To conduct this work, GAO reviewed federal laws, CMS documents and guidance, and interviewed federal and state officials. GAO also interviewed six provider and beneficiary groups, selected based on their experience with telehealth services.

GAO obtained technical comments from CMS and incorporated them as appropriate.

For more information, contact Jessica Farb at (202) 512-7114 or farbj@gao.gov or Carolyn L. Yocom at (202) 512-7114 or yocomc@gao.gov.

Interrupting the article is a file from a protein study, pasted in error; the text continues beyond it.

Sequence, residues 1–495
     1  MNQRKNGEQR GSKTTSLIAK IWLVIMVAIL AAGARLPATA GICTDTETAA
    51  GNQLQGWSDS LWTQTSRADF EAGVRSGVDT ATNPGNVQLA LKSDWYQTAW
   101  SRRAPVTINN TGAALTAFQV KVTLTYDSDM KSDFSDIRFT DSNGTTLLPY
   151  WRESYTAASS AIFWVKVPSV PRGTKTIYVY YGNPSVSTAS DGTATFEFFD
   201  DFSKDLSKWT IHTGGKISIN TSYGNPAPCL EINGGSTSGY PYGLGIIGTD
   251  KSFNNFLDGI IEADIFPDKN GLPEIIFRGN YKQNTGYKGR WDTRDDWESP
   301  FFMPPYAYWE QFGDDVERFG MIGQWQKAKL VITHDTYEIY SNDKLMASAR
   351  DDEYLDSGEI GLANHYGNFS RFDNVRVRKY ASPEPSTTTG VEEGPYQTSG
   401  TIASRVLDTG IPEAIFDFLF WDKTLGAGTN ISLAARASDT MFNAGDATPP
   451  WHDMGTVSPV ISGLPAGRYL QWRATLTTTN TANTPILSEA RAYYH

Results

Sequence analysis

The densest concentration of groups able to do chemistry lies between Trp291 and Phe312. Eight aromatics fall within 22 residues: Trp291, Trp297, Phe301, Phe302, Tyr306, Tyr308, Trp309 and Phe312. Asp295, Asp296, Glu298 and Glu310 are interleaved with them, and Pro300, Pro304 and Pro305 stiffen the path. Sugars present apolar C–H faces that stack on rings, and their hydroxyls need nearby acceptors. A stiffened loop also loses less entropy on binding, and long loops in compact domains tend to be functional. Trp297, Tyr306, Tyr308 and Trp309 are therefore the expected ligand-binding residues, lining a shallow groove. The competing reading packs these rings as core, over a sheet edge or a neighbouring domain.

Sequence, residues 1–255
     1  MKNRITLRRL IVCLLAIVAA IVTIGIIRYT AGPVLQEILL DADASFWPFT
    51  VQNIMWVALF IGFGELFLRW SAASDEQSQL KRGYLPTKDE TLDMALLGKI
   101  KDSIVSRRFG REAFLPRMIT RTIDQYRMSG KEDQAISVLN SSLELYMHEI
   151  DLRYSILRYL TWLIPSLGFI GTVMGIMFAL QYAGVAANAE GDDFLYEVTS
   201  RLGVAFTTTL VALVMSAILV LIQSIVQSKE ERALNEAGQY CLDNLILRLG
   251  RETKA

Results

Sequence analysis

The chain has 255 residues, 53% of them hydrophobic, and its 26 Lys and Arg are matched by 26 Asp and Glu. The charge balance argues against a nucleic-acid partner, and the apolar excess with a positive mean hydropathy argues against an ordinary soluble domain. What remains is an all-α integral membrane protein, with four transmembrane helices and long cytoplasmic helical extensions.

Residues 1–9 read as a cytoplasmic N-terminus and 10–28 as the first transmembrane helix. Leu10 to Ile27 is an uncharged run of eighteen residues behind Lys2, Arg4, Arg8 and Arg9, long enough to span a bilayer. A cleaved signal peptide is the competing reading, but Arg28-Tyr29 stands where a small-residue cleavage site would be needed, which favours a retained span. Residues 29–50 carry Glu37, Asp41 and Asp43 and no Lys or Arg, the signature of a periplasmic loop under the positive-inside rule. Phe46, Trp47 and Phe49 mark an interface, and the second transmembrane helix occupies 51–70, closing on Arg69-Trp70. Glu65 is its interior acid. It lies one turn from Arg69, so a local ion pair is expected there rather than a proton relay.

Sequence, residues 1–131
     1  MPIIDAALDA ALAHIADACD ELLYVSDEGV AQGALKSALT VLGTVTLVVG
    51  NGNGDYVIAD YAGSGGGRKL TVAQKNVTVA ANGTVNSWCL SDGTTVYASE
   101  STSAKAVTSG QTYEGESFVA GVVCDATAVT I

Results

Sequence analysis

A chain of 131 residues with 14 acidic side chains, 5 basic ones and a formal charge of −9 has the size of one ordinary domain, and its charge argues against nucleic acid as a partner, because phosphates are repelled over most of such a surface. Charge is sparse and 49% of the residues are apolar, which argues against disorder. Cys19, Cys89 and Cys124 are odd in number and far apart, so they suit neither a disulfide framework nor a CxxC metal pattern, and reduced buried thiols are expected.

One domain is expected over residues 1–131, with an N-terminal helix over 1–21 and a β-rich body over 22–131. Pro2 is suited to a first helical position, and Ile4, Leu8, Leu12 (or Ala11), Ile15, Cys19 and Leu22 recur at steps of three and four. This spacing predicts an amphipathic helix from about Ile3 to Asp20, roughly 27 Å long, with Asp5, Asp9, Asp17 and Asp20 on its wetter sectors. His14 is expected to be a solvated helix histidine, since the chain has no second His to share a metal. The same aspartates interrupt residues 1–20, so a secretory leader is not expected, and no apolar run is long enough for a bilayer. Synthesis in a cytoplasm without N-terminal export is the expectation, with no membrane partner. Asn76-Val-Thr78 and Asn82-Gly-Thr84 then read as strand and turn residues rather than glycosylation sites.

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    The ambient air quality monitoring system is a national asset that provides standardized information for implementing the Clean Air Act and protecting public health. The Environmental Protection Agency (EPA) and state and local agencies cooperatively manage the system, with each playing different roles in design, operation, oversight, and funding. For example, EPA establishes minimum requirements for the system, and state and local agencies operate the monitors and report data to EPA. Officials from EPA and selected state and local agencies identified challenges related to sustaining the monitoring system. For example, they said that infrastructure is aging while annual EPA funding for state and local air quality management grants, which cover monitoring, has decreased by about 20 percent since 2004 after adjusting for inflation (see fig.). GAO found inconsistencies in how EPA regions have addressed these challenges. GAO's prior work has identified key characteristics of asset management, such as identifying needed resources and using quality data to manage infrastructure risks, which can help organizations optimize limited resources. By developing an asset management framework that includes such characteristics, EPA could better target limited resources toward the highest priorities for consistently sustaining the system. Annual Inflation-Adjusted EPA Funding for State and Local Air Quality Management Grants Air quality managers, researchers, and the public need additional information so they can better understand and address the health risks from air pollution, according to GAO's review of literature and interviews GAO conducted. These needs include additional information on (1) air toxics to understand health risks in key locations such as near industrial facilities; and (2) how to use low-cost sensors to provide real-time, local-scale air quality information. EPA and state and local agencies face persistent challenges meeting such air quality information needs, including challenges in understanding the performance of low-cost sensors. GAO illustrated this challenge by collecting air quality data from low-cost sensors and finding variability in their performance. EPA has strategies aimed at better meeting the additional air quality information needs of managers, researchers, and the public, but the strategies are outdated and incomplete. For example, they do not clearly define roles for meeting additional information needs. GAO's prior work on asset management suggests that a more strategic approach could help EPA modernize the system to better meet the additional information needs. By developing a modernization plan that aligns with leading practices for strategic planning and risk management, such as establishing modernization goals and roles, EPA could better ensure that the system meets the additional information needs of air quality managers, researchers, and the public and is positioned to protect public health. The national ambient air quality monitoring system shows that the United States has made progress in reducing air pollution but that risks to public health and the environment continue in certain locations. The system consists of sites that measure air pollution levels around fixed locations across the country using specific methods. Since the system began in the 1970s, air quality concerns have changed—such as increased concern about the health effects of air toxics. GAO was asked to evaluate the national air quality monitoring system. This report examines the role of the system and how it is managed, challenges in managing the system and actions to address them, and needs for additional air quality information and actions to address challenges in meeting those needs. GAO reviewed literature, laws, and agency documents; conducted a demonstration of low-cost sensors; and interviewed EPA officials, selected state and local officials, representatives from air quality associations, and stakeholders. GAO is making two recommendations for EPA to (1) establish an asset management framework for the monitoring system that includes key characteristics and (2) develop an air quality monitoring modernization plan that aligns with leading practices. In written comments on the report, EPA generally agreed with the recommendations. For more information, contact J. Alfredo Gómez at (202) 512-3841 or gomezj@gao.gov.